The next day we left the Meteorological Station early in the morning and continued through the forest until we reached the swampy, muddy section of the route known as the Vertical Bog. As soon as we reached this unpleasant section, the rain begun, which continued without stopping for the rest of the day. The ascent via the Teleki valley to Mackinder hut (4300m) in this humid environment was quite unpleasant, and occasionally, while crossing the Naro Moru stream, it felt like swimming rather than climbing. It is fair to say that when we reached Mackinder’s hut, some six hours after leaving the Met Station, we were soaking wet. Everything was wet including our clothes and sleeping bag inside the rucksack. For hours we tried to make a fire inside the fireplace of the hut, but unfortunately the wet logs proved to be quite an inefficient fuel. Eventually our efforts paid off and the fire kick-started, allowing us to warm up and dry our clothes. Two park rangers paid us a visit in the evening and charged us a descent fare for using the basic facilities of the hut. Dinner and bed came early that night as we had a big ascent very early next morning.

The Summit Push

We left Mackinder hut at about 4am and begun negotiating the confusing paths of Teleki Valley. Fortunately walking in the early morning was pleasant as the boggy areas were frozen. The route took us to the Ranger’s Post with a radio mast beside it, from which it diverged. There were at least three routes that led to the top of Point Lenana, the fastest of which, we hoped to follow. This proved to be a rather difficult mission as the paths were not clear, there were no markers, and moreover, my colleague, Henrik left his light torch in Nairobi, which made our ascent quite difficult in the pitch black of the night. After wondering for two hours in the boggy terrain, terminal moraines and other periglacial features, we finally found the correct path that led to Top Hut also known as Austrian Hut (4790m). We made a small detour, which brought us to some dangerous down climbing, but at last we were back on track. The ascent to Top Tarn (4490m), a lake situated some 200m below the snout of Lewis Glacier (the largest glacier on Mount Kenya) was quite tiring due to the steep and unstable character of the scree slope. Moreover, I begun to feel stomach sick, which I believe was the result of the chorizo pasta. We reached the Austrian Hut around 9:30 in the morning and had breakfast in this magnificent “nest in the clouds” guarded jaw dropping rock citadels. We were both tired from carrying the heavy bags all the way up here but too close to the summit to give up. The last 200m to the summit of Point Lenana, followed the narrow rocky and icy ridge and was a rather difficult ascent. There was a lot of snow and ice, more than anyone has anticipated and my stomach situation has worsened to the point that I was releasing fluids every 50 meters. The weather was not looking good either; snowfall begun and soon a complete whiteout engulfed the surrounding rocky peaks. With some rather bizarre energy and stubbornness we reached the summit eventually but fell asleep on a rock platform near the summit pole. I woke up an hour later, feeling slightly dazed and decided to camp on the summit for the night so that I can rest and heal my gut. Finding a relatively flat surface to pitch the tent proved to be a challenge. We struggled several hours building a flat snow platform on the steep northwestern slope of the mountain until we finally were able to pitch the tent. We went to sleep in the afternoon.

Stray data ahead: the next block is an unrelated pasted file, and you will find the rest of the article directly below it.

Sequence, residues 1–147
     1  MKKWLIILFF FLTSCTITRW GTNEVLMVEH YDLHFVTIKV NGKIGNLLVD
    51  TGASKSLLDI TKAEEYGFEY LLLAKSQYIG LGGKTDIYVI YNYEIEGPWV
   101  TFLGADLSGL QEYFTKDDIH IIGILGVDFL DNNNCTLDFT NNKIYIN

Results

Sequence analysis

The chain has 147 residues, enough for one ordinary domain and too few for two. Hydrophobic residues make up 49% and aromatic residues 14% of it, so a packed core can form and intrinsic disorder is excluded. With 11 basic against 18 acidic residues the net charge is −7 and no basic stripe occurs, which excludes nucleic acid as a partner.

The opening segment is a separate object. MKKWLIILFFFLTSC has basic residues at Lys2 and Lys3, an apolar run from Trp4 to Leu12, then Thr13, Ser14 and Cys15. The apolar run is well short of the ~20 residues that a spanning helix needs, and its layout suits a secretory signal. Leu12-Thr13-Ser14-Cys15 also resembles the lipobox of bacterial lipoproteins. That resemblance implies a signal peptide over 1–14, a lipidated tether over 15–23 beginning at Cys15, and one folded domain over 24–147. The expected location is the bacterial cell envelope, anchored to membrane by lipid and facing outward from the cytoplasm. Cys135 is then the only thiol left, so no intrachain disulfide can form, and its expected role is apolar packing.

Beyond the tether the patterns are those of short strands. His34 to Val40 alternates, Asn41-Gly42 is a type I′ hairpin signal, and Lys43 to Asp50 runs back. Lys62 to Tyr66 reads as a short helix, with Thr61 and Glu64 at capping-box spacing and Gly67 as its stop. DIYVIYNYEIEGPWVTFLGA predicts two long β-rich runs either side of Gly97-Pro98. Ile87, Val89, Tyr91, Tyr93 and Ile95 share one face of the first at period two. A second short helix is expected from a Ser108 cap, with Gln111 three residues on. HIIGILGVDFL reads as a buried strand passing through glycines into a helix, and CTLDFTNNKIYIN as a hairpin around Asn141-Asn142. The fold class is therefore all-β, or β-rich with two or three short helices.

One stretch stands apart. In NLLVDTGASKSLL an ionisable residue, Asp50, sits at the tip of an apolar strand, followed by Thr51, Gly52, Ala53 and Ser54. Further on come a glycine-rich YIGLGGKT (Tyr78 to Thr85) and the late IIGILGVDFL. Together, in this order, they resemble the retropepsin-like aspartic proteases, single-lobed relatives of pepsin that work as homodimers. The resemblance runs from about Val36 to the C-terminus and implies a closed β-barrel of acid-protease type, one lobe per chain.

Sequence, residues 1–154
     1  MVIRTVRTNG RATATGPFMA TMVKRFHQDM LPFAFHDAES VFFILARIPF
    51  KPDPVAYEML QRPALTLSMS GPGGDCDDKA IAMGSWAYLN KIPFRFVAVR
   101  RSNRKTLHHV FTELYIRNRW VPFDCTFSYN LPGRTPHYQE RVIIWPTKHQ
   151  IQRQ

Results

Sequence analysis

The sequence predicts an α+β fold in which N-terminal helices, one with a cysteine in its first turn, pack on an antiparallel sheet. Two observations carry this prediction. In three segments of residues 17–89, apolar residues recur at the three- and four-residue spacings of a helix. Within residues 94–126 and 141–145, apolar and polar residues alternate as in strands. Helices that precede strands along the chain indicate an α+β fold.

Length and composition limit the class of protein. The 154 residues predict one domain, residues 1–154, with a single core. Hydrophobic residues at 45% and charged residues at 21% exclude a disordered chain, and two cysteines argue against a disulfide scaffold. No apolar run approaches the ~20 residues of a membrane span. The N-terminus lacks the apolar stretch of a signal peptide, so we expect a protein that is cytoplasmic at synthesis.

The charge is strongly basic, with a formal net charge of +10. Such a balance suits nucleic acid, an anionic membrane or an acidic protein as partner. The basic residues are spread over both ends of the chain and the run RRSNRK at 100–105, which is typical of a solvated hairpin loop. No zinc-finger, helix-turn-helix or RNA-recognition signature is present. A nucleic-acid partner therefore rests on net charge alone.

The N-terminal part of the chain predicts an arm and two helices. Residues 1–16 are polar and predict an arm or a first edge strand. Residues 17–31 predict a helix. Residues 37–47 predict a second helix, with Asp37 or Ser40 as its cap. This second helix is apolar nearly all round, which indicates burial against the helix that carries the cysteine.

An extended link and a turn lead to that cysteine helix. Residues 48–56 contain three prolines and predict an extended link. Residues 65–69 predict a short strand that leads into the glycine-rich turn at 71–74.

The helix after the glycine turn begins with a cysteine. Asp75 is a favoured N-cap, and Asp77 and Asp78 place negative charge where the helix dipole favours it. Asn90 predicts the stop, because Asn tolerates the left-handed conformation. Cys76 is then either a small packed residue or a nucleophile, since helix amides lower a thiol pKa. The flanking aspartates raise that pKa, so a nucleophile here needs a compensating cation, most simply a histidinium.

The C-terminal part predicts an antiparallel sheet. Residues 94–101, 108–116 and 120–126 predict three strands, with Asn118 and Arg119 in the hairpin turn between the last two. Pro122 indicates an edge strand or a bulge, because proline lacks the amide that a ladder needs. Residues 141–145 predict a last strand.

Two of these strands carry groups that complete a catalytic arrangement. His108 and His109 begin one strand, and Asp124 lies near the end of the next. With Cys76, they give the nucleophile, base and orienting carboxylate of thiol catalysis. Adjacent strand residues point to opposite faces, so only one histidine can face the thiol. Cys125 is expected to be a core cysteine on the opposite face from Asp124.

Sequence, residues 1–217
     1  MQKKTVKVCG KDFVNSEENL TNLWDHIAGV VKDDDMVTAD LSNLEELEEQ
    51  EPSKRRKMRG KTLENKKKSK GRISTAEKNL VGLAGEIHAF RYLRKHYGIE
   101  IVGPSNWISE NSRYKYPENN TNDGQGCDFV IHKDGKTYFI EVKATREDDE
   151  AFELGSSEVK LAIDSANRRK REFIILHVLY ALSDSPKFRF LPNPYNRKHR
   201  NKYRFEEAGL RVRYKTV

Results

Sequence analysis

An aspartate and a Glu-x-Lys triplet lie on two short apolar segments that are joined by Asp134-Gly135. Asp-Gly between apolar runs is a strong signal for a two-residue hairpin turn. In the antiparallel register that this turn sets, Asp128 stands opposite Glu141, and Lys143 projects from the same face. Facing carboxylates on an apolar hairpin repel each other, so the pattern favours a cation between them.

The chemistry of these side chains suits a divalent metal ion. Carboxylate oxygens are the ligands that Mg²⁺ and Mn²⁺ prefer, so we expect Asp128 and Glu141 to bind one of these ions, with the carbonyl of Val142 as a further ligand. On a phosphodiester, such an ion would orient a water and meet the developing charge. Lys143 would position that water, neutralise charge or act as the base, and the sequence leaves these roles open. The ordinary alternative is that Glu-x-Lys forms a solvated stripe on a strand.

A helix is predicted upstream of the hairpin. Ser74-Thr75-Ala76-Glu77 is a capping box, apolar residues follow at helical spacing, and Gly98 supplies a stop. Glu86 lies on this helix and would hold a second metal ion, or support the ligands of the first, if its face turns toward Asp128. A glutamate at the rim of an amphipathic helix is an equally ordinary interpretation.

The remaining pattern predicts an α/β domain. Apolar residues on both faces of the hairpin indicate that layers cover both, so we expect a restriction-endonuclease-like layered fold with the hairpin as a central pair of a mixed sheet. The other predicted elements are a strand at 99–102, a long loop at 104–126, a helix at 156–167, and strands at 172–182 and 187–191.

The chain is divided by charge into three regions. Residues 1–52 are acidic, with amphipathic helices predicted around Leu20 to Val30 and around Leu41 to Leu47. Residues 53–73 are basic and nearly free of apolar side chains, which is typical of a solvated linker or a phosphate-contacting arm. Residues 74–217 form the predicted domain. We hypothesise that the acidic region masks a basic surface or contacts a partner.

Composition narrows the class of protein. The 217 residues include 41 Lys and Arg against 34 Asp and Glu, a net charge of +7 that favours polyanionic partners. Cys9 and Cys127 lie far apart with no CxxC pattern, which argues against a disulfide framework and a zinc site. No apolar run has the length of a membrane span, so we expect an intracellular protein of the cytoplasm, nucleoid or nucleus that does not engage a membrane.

We woke up just before sunset, but to our surprise the snowfall stopped and the sun was shining. What actually happened remained an enigma for me. It was like a divine spectacle to our eyes. Fantastic cloud formations danced beautifully with the static rock citadels. Alluring colours of red, orange, pink, yellow, blue purple resulted from the sun setting behind “Point John” enchanted the small audience. I have not seen such a marvellous sunset before in my life, and this entire spectacle was just for us. We were alone with the Great Spirit of Ngai, on the second highest peak in East Africa, at the equator. But I have not felt alone, in fact I never felt so connected ever before. Mount Kenya has succeeded in resetting my spiritual antenna. We went to sleep rather “high” from this unique experience. Even the bitter cold of the night has not managed to change my positive mood.

Early in the morning we were woken up by several groups of climbers who passed by our tent on their way to the summit. We packed the tent and descended with some of them towards Chogoria Valley located in the east. The valley is probably the most spectacular approach to the main peaks, with beautiful views into the Gorges Valley. Many waterfalls, steep escarpments, bowled shaped hollows filled with fresh water and bizarre vegetation enchanted our long descent to Chogoria gate. One of the guides we’ve met hooked us up with a land rover driver who took us to Chogoria village, from which we rented a taxi to take back to Nairobi. It took us four days to climb and descent the mountain. We did not use any porters for this ascent and had minimalistic trekking and camping gear. This ascent was a true success crowned with a spectacular sunset.